19) Caesar’s salad, anyone?

– Chef Paul

4novels

My cookbook, Eat Me: 169 Fun Recipes From All Over the World,  and novels are available in paperpack or Kindle on amazon.com

As an e-book on Nook

or on my website-where you can get a signed copy at: www.lordsoffun.com

Categories: Uncategorized | Tags: , , , , , , , , , , , , , , , , , , , , , , , , | 2 Comments

Spinach Ravioli

Italian Entree

SPINACH RAVIOLI

INGREDIENTS

PASTA

3 cups or more of flour (1/4 cup more later in FINAL STAGE)
2 eggs
3/4 cup water or more
1 tablespoon olive oil (1 tablespoon more used later)
1 teaspoon salt (Used 3 times for a total of 2 teaspoons)

FILLING

2 garlic cloves
1/2 pound fresh spinach
1 1/2 teaspoons parsley
2 tablespoons grated Parmesan cheese
1/2 teaspoon salt (Used 3 times for a total of 2 teaspoons)

MARINARA SAUCE

6 Roma tomatoes
1/2 large white onion
2 garlic cloves
2 teaspoons basil
1/2 teaspoon marjoram
1 teaspoon oregano
1/2 teaspoon salt (Used 3 times for a total of 2 teaspoons)
1/2 teaspoon thyme
1 6 ounce can tomato sauce

UTENSILS

rolling pin
cutting board

FINAL STAGE

water
1 teaspoon salt
1 tablespoon olive oil (1 tablespoon more used earlier)
1/4 cup flour (3 cups more earlier in PASTA)

Makes about 40 ravioli.

PREPARATION OF PASTA

Combine flour, eggs, and cup water. Mix with hands. Make a ball of the mixture. It should just be able to come off your hand. If some of the ball sticks to your hand, then add a bit more flour, mix again, and try the new flour. If the flour ball is powdery, it is too dry. Add a bit more water, mix again, until the consistency of the next ball is just right.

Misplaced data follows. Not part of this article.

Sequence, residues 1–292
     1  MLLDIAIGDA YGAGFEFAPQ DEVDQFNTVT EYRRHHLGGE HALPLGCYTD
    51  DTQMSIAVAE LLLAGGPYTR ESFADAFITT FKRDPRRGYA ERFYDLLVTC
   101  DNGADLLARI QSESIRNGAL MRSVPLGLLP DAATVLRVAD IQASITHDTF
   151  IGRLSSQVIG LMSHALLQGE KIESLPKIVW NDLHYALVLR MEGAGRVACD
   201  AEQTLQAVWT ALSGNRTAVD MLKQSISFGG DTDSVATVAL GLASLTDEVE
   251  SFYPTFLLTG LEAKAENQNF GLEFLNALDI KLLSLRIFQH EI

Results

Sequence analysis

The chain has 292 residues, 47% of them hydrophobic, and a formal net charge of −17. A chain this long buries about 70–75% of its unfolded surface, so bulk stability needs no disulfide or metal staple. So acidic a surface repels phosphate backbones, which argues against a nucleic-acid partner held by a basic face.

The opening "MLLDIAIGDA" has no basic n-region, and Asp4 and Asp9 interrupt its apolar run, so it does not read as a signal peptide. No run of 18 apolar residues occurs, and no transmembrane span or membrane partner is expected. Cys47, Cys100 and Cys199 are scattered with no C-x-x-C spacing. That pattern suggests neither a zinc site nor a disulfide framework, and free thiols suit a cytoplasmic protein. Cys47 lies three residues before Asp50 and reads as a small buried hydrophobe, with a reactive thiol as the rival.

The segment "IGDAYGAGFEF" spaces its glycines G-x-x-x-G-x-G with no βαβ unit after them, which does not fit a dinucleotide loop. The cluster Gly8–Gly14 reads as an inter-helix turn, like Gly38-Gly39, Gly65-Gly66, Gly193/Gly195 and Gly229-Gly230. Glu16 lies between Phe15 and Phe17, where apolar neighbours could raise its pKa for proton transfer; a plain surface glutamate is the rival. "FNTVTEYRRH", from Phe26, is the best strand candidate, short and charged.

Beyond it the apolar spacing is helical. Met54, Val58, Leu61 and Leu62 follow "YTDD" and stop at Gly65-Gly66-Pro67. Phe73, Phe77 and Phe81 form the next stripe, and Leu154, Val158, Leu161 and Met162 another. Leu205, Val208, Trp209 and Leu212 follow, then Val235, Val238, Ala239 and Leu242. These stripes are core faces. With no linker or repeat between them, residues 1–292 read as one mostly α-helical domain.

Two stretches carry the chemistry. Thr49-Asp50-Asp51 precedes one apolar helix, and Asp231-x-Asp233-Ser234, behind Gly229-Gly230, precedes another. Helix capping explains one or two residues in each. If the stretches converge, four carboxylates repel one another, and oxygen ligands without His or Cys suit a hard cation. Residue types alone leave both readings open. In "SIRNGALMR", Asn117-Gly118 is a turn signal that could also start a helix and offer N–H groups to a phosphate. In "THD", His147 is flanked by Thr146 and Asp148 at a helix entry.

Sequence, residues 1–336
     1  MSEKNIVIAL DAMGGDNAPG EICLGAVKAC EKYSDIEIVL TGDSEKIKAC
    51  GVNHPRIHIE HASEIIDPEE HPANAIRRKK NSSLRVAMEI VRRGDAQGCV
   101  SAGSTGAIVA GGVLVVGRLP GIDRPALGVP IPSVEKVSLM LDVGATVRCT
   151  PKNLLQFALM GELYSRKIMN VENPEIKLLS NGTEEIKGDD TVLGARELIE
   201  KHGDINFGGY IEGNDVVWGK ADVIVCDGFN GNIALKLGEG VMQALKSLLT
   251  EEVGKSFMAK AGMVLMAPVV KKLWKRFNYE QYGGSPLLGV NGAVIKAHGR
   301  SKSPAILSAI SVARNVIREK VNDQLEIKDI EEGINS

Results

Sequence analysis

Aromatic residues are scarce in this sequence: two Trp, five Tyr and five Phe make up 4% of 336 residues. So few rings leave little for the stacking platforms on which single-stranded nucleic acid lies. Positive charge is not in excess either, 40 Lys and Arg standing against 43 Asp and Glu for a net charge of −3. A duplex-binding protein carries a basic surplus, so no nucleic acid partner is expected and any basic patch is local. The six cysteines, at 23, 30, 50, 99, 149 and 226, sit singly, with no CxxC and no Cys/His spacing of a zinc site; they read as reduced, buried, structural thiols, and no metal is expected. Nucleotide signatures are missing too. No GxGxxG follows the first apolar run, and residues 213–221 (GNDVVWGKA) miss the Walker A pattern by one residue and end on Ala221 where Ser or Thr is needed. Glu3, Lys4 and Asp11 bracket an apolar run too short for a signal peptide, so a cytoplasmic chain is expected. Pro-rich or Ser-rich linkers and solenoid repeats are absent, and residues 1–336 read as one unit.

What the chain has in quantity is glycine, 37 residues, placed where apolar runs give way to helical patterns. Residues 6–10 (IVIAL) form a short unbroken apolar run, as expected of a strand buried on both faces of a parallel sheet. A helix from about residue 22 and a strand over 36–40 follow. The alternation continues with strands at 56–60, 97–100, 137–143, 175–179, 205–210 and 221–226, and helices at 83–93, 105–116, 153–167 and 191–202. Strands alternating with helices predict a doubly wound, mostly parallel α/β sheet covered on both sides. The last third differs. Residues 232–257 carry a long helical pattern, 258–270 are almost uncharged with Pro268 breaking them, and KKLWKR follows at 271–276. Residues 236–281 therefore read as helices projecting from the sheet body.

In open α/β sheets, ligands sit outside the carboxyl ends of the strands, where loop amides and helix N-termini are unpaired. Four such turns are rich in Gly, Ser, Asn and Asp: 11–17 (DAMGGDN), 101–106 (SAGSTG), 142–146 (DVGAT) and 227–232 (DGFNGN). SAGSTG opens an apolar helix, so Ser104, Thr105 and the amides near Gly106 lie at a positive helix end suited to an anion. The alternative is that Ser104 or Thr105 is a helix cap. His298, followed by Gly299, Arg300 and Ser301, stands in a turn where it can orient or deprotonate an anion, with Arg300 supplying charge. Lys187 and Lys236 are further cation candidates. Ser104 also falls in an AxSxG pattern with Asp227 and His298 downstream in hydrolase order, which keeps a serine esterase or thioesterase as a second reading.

Sprinkle a generous amount of flour on your cutting board and rolling pin. Roll flour ball out until it is NO THICKER than 1/4-inch. Frequently sprinkle the rolling pin to keep the dough from sticking. Let rolled-out flour sit for AT LEAST 4 hours. It should be nearly dry.

PREPARATION OF FILLING

While rolled out flour dries, peel and mince 2 garlic cloves. Dice spinach. Put garlic, spinach, parsley, Parmesan cheese, and salt in frying pan. Cook on medium-high heat for about 5 minutes. Put contents of frying pan into bowl. Mix and put spinach filling in fridge.

PREPARATION OF MARINARA SAUCE

Mince Roma tomatoes. Peel and mince 1/2 onion (Wouldn’t it be nice if you could buy a 1/2 onion at the store?) and 2 garlic cloves. Add tomato, onion, garlic, basil, marjoram, oregano, salt, thyme, and tomato sauce to sauce pot. Cook ingredients on medium-high heat until it boils, stirring occasionally. Reduce heat to low and simmer for about 20 minutes with the lid on. Stir occasionally.